- Markets remain cautiously optimistic as policymakers rush to defend major banks in US, Europe.
- Mixed US data, hopes of no abrupt brake of monetary policy pattern add to the upbeat sentiment.
- Headlines suggesting fears among Fed policymakers, US Treasury Secretary Yellen’s comments prod optimists.
- Second-tier US data eyed as the last clues for next week’s FOMC.
A volatile week seems bracing for a calmer end as traders remain mostly inactive while showing mild optimism during early Friday. In doing so, the market players seem to take a sigh of relief as major policymakers manage to placate fears surrounding the global banking system, after the fallouts of banks in the US and Europe. However, doubts about the catalysts that caused such a panic joins the regulators calculated measures to probe the risk-on mood.
While portraying the mood, the S&P 500 Futures pick up bids to pare the intraday losses around 3,995, following an upbeat close of the Wall Street benchmarks, whereas the US Treasury bond yields fade the previous day’s corrective bounce off the monthly low.
That said, US 10-year and two-year Treasury bond yields struggle for clear directions around 3.56% and 4.18% respectively as the previous day’s rebound fails to reverse the two-week downtrend.
Recent headlines from the global rating agency Fitch suggesting no major challenges to the monetary policy of the US Federal Reserve (Fed), as well as the Asia-Pacific (APAC) banks, despite the fallouts of the US and European banks, seem to have favored sentiment of late.
On the same line could be the comments from Saudi National Bank’s Chairman, Ammar Al Khudairy, conveying the “sound” conditions of Credit Suisse join the major US banks’ efforts to help California-based First Republic Bank to avoid a liquidity crunch to favor the risk-on mood. On the same line was the news that Credit Suisse eyes borrowing up to CHF50 billion from the Swiss National Bank (SNB) to strengthen liquidity, as well as Reuters quoting anonymous sources to confirm that the US banks are less vulnerable to the Credit Suisse debacle. Furthermore, US Treasury Secretary Janet Yellen’s assurance over the US banking industry’s health and European Central Bank’s (ECB) 50 bps rate hike, matching expectations, also favored the sentiment.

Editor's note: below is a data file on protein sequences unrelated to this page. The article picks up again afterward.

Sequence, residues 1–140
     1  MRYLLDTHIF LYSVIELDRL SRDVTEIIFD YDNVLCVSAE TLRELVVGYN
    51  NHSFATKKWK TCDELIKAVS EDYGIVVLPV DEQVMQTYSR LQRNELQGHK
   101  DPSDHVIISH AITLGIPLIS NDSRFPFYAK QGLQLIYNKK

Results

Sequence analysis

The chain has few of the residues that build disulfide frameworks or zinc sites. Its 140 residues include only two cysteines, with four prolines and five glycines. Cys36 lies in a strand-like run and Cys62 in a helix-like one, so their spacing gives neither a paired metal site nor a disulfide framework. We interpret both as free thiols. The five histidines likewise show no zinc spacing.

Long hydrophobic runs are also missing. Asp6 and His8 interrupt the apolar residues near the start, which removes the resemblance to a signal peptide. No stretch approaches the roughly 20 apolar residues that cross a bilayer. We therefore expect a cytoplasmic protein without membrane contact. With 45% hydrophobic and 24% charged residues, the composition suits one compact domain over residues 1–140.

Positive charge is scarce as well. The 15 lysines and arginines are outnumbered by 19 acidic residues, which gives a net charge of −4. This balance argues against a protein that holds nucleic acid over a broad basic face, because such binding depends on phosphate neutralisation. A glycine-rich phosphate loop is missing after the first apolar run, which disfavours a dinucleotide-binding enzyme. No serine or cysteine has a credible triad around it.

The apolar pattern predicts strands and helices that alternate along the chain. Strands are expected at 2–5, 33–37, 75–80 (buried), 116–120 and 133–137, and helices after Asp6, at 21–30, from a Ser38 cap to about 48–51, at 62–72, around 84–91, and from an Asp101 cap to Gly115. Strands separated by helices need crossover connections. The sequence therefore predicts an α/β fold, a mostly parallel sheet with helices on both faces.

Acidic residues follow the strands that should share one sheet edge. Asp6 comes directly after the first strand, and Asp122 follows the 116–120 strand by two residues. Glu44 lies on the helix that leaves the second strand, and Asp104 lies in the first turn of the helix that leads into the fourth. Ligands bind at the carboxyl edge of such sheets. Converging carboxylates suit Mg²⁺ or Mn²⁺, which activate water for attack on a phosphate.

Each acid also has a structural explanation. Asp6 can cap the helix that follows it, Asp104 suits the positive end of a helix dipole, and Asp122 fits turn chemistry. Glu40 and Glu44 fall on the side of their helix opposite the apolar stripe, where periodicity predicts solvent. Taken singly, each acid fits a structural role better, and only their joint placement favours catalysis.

Alternatively, the Fed’s hiding of information that initially caused the liquidity crunch at the Silicon Valley Bank (SVB) joins US Treasury Secretary Yellen’s comments stating limited insurance to the bank deposits to probe the risk takers. Additionally, challenging the sentiment could be a light calendar and the return of the hawkish Fed bets.
Looking ahead, traders should keep their eyes on the clues for the next week’s Federal Open Market Committee (FOMC) monetary policy meeting. Additionally, preliminary readings of the US Michigan Consumer Sentiment Index for March and the UoM 5-year Consumer Inflation Expectations for the said month will also be important for clear directions.
Also read: Forex Today: Unexpected consolidation, DXY drops as risk sentiment improves
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